Women made the decisions of when to move and where to camp. Meanwhile, the men hunted and went to war. It's not surprising that many Native American nations were matriarchal societies.
As 'civilized' society grew and matured, it evolved to the point where a women's place was considered to be the home, while the men were expected to roam. The wilderness was considered a hostile environment to be tamed. It was not a place fit for a lady.
Although numerous examples remain of pioneer women taking to the woods, the American society came to accept the fact that woodland travel and wilderness adventures were primarily a male dominated environment.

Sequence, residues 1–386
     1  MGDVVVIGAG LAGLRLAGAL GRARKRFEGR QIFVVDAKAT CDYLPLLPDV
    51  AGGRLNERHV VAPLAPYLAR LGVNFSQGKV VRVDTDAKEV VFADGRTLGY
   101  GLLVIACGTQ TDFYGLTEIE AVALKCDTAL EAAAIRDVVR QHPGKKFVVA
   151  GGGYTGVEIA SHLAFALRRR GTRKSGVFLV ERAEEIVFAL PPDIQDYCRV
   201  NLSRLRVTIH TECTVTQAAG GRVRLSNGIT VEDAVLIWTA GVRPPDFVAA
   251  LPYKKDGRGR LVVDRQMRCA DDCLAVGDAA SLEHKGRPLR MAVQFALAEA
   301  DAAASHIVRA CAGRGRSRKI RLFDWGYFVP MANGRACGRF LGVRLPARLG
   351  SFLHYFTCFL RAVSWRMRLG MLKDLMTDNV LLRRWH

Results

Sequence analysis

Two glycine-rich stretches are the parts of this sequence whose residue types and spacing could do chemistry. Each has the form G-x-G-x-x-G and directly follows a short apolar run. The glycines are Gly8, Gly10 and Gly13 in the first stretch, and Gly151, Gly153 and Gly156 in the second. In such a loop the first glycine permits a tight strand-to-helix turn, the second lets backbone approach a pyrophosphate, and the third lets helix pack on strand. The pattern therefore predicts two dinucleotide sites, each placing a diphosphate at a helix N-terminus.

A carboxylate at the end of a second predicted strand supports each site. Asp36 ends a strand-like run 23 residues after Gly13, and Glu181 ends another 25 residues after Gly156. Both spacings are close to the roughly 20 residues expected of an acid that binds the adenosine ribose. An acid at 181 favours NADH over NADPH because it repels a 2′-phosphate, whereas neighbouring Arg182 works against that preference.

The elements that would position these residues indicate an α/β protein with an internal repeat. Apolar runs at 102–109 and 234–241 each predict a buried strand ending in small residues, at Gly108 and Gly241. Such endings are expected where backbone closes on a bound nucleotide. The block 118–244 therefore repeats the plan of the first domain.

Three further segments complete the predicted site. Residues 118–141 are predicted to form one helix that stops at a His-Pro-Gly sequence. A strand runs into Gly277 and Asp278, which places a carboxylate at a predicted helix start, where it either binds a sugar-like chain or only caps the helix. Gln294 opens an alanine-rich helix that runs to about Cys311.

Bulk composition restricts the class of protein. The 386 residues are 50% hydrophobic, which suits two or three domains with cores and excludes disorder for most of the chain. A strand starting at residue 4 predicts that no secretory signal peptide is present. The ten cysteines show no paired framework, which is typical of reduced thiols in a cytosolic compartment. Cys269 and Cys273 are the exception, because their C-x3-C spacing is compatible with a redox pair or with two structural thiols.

The massive Brandreth Park, with over 30,000 acres stretching from Raquette Lake to Long Lake, is considered the largest, single family owned parcel in the Adirondacks.
From the turn of the century and well into the 1900's, a local hunter by the name of Paul Brandreth hunted these lands. Paul was an internationally recognized expert on hunting whitetail deer and wrote of his adventures in Forest and Stream, Woods and Waters and other national publications. He even published a book on hunting whitetails. It is still considered one of the finest ever written on the subject.
However, despite being one of the foremost authorities on the topic, Paul never attended the fabled New York Sportsman Show. He never set foot in the Explorers Club nor shared a cigar with Teddy Roosevelt while recounting tales of the hunt.
The reason Paul Brandreth never shared in any of the common delights for a man of the hunt, was because he was a she. Pauline Brandreth wrote under the pen name Paul. It was the only way she could be published, for at the time, no one would believe that a woman knew anything about hunting whitetail deer.